- To identify, locate and commission past and current FCC members to write short stories.
- To personally review back issues of The Correspondent Magazine to ensure that key Club events and highlights are reflected in the book
The Ideal Candidate
- Familiarity with the FCC, its history, and some of its past most memorable personalities
- Creative thinker able to conceptualise the final project and bring it to completion
- Good organisational skills, detail oriented and excellent time management abilities
- Good interpersonal skills to cajole contributors to write, and then chase them up on deadline
- Past experience as an editor or writer, or working on a book or similar sized project
- A good sense of humour, ability to troubleshoot with a smile, no drama
Reports To: The Communications Committee or its designated representative
Summary of Book Design
A portable contemporary in style look and feel sized book (EG: A5) of approximately 200 pages, largely pictorial. Out in print and on sale by 2023 with a preview book launch at the FCC on the cusp of its 75 YR anniversary EG: in the autumn of 2023.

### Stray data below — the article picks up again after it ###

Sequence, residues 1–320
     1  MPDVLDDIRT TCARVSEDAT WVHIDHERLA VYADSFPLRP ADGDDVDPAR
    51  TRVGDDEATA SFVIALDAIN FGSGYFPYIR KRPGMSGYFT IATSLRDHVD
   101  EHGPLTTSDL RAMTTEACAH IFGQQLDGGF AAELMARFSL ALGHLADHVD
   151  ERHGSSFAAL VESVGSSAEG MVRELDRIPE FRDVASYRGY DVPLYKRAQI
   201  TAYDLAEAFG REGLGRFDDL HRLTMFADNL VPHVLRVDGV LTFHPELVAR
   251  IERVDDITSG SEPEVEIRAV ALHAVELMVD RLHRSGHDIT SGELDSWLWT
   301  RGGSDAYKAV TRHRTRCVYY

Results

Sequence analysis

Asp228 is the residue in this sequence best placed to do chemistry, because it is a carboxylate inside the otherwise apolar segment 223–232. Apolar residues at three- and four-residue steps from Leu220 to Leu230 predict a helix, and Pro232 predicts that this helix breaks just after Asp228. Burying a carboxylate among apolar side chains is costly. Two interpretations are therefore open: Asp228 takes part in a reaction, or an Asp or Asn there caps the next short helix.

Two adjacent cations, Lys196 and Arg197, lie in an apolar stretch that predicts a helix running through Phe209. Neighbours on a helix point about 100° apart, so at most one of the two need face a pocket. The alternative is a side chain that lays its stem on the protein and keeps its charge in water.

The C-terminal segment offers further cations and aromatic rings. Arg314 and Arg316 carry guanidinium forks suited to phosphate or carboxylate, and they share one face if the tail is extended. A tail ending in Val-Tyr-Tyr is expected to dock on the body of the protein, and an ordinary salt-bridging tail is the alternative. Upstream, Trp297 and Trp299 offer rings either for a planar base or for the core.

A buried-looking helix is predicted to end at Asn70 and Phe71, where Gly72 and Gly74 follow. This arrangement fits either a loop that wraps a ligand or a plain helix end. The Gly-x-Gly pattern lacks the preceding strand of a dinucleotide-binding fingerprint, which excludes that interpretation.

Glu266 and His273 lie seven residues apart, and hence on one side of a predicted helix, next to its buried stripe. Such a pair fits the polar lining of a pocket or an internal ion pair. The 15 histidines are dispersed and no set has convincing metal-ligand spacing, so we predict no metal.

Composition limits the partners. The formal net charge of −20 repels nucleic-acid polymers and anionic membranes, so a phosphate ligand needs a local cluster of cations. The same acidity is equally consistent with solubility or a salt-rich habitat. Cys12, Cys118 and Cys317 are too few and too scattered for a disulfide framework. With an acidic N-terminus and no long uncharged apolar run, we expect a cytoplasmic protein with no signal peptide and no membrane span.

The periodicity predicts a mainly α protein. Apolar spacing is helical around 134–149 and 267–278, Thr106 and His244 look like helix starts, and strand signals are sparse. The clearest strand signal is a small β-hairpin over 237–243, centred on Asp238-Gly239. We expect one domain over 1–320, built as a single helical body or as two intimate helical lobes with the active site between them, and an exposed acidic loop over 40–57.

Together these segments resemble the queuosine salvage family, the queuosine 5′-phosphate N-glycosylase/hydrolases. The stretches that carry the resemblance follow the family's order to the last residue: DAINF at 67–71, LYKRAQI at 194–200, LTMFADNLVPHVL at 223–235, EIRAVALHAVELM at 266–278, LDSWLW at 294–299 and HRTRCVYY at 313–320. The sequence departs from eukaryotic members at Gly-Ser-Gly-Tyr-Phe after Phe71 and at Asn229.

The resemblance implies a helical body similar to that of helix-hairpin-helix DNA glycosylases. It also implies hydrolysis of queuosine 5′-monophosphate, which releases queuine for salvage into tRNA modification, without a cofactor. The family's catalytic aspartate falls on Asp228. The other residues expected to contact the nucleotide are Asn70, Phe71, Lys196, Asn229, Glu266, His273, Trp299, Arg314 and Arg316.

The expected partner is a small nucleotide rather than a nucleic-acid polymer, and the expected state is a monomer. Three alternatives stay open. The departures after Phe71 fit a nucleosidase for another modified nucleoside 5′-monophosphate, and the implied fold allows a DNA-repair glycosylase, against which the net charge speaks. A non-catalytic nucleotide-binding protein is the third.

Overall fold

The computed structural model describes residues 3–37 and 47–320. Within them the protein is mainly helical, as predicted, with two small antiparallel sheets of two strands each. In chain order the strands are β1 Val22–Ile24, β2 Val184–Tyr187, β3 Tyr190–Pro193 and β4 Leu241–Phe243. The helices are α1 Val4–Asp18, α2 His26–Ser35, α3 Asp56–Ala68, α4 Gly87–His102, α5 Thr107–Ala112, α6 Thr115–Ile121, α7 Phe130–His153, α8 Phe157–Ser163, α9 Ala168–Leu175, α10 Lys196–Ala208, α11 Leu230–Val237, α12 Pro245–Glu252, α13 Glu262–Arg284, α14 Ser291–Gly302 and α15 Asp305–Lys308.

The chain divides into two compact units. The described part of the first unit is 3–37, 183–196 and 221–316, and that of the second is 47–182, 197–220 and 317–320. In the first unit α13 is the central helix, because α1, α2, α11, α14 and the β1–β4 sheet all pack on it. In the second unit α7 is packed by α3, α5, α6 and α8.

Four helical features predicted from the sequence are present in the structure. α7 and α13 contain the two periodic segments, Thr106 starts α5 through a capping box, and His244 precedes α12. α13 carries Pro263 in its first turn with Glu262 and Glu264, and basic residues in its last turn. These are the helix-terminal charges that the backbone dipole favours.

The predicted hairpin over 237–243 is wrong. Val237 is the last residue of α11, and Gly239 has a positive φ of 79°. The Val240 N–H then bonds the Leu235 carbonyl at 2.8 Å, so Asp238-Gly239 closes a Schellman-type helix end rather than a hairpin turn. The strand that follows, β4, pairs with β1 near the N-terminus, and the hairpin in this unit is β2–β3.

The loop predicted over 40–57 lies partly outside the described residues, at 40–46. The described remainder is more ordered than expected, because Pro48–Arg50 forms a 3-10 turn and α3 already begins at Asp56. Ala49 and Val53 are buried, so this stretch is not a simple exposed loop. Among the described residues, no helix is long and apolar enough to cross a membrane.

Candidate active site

Interested parties please submit your tender & a copy of your business registration before the deadline to:
2 Lower Albert Road
Any questions please contact our Administration Department Ms Joanne Chung at (tel) 2844 2830 or (email) [email protected]
FCC Communications Committee
The measures introduced in Hong Kong to contain the coronavirus outbreak are working because the city learned its lesson from severe acute respiratory syndrome (SARS).
That was the consensus of a panel of guests who discussed the physical and mental challenges facing Hong Kong since the outbreak at the start of this year.